Take President Donald Trump’s promise for a great America and health protection for all citizens. Compare it to his full 2018 budget, unveiled while he was visiting five countries in the Middle East and Europe for eight days.
The difference between Trump’s individual promises and the corresponding budget numbers exposes his grand lie. Rather than greatness, rather than good health, rather than better lives, Trump’s priority is enriching the wealthy while leaving those in need to rot.
Trump’s budget adds zeros to bank balances that are plump and undercuts the life spans of those relying on the government to help get through difficult lives. For too many people struggling to survive day by day, breath by breath, this budget cuts their fragile lives to zero.
On the Saturday before his inauguration, Trump gave a late-night interview on health care to The Washington Post. “We’re going to have insurance for everybody,” he said. “There was a philosophy in some circles that if you can’t pay for it, you don’t get it. That’s not going to happen with us.”
In his Feb. 28 address to a joint session of Congress, Trump called for health insurance “reforms that expand choice, increase access, lower costs and, at the same time, provide better health care.”
Mick Mulvaney, Trump’s director of the Office of Management and Budget, put the plan together. Tuesday, at the White House, he presented it to reporters. Many of the budget decisions differ dramatically from Trump’s declarations.
The idea that government should serve the people confounds Mulvaney. The budget is called “the ‘New Foundation for American Greatness,’” he said, “but I wanted to call it the ‘Taxpayer First Budget.’” He added, “We looked at this budget through the eyes of the people who are actually paying the bills.”
The greatness of the nation as a whole: ignored. Under the Mulvaney doctrine, the more tax one pays, the more say one gets. Never mind the health, safety and welfare of those with thin bank accounts or none at all.
Some attention needs to be paid to those who pay less in taxes or who do not make enough to pay, Mulvaney said. “Yes, you have to have compassion for folks who are receiving the federal funds but also you have to have compassion for the folks who are paying it.”
Congratulations for wealth? Sure. Compassion for wealth? No.
The New York Times combed through the budget. It pulled out cuts and escalations, measured over 10 years.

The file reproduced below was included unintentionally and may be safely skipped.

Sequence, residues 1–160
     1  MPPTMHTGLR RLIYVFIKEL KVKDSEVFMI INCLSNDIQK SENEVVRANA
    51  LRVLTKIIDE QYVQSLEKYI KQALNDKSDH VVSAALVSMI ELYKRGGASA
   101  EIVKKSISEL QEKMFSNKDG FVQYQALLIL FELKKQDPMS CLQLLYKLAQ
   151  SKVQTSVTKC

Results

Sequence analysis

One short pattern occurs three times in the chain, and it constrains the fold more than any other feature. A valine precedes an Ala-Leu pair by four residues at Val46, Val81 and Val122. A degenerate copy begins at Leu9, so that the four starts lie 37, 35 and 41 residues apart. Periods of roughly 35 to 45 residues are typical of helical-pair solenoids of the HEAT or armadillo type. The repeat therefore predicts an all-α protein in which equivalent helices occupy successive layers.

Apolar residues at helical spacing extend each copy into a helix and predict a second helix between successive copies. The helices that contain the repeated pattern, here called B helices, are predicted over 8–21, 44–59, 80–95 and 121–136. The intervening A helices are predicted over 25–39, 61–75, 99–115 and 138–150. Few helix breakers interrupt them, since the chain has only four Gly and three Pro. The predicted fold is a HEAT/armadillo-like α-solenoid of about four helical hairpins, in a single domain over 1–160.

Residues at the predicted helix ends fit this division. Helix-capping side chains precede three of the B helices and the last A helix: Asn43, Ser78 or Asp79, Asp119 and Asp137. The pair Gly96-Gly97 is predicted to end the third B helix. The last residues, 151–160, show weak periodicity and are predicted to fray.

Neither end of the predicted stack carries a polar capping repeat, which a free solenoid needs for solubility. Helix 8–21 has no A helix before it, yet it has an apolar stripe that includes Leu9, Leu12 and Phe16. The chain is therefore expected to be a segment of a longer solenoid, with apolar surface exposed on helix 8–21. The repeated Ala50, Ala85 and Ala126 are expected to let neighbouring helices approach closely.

Under the Mulvaney doctrine, Trump’s budget cuts the category of Health Care Services by $1.91 trillion — 28.5 percent less.
In that category, the budget cuts Medicaid by $627 billion — 11.8 percent less.
It slashes two others in the category: The Centers for Disease Control and Prevention, cut by $18 billion — 26.9 percent less. The Substance Abuse and Mental Health Services Administration, cut by $11.2 billion — 25 percent less.
The budget cuts the category of Health Research and Training by $92.3 billion — 24.6 percent less. It cuts the National Institutes of Health by $86.5 billion — 24.8 percent less.
In the category of Consumer and Occupational Health and Safety, the budget cuts $16.5 billion — 29.1 percent less.
This category’s grievous gashes, department by department, astound:
- The Food and Drug Administration, cut by $12.6 billion — 39.7 percent less.
- Food safety and inspection, cut by $1.8 billion — 15.1 percent less.
- Occupational and mine safety and health, cut by $1.8 billion — 16 percent less.
- The Consumer Product Safety Commission, cut by $253 million — 17 percent less.
The budget cuts the category of Food and Nutrition Assistance by $207.7 billion — 18.1 percent less.
The budget devastates two important operations in this category: The Supplemental Nutrition Assistance Program (formerly Food Stamps), cut by $193.6 billion — 25.3 percent less. The Special Supplemental Nutrition Program for Women, Infants and Children (WIC), cut by $11.1 billion — 15.3 percent.
These budget decisions show that Trump and Mulvaney do not care about Americans’ health or safety, or the feeding of famished families. The cuts show particular disdain for the nutrition of women, infants and children, which is important for a healthy future across the U.S.
Trump’s budget slashes funding for many more valuable agencies and programs, never mind pumping up operations that are funded sufficiently.
Congress is unlikely to take up Trump’s budget, anymore than it has done so for his predecessors. The 2018 budget takes effect Oct. 1.
Nonetheless, the president’s radically oppressive plan poses a danger: It opens the door to members of Congress hoping to pick and choose among Trump’s cuts. Many of these cuts would have been dismissed out-of-hand before this week.
Now, they carry the president’s seal of approval. This gives life to ideas so extreme that they will take frail human lives — those of American citizens.
Thus, will those deadly zeros make their bloody mark.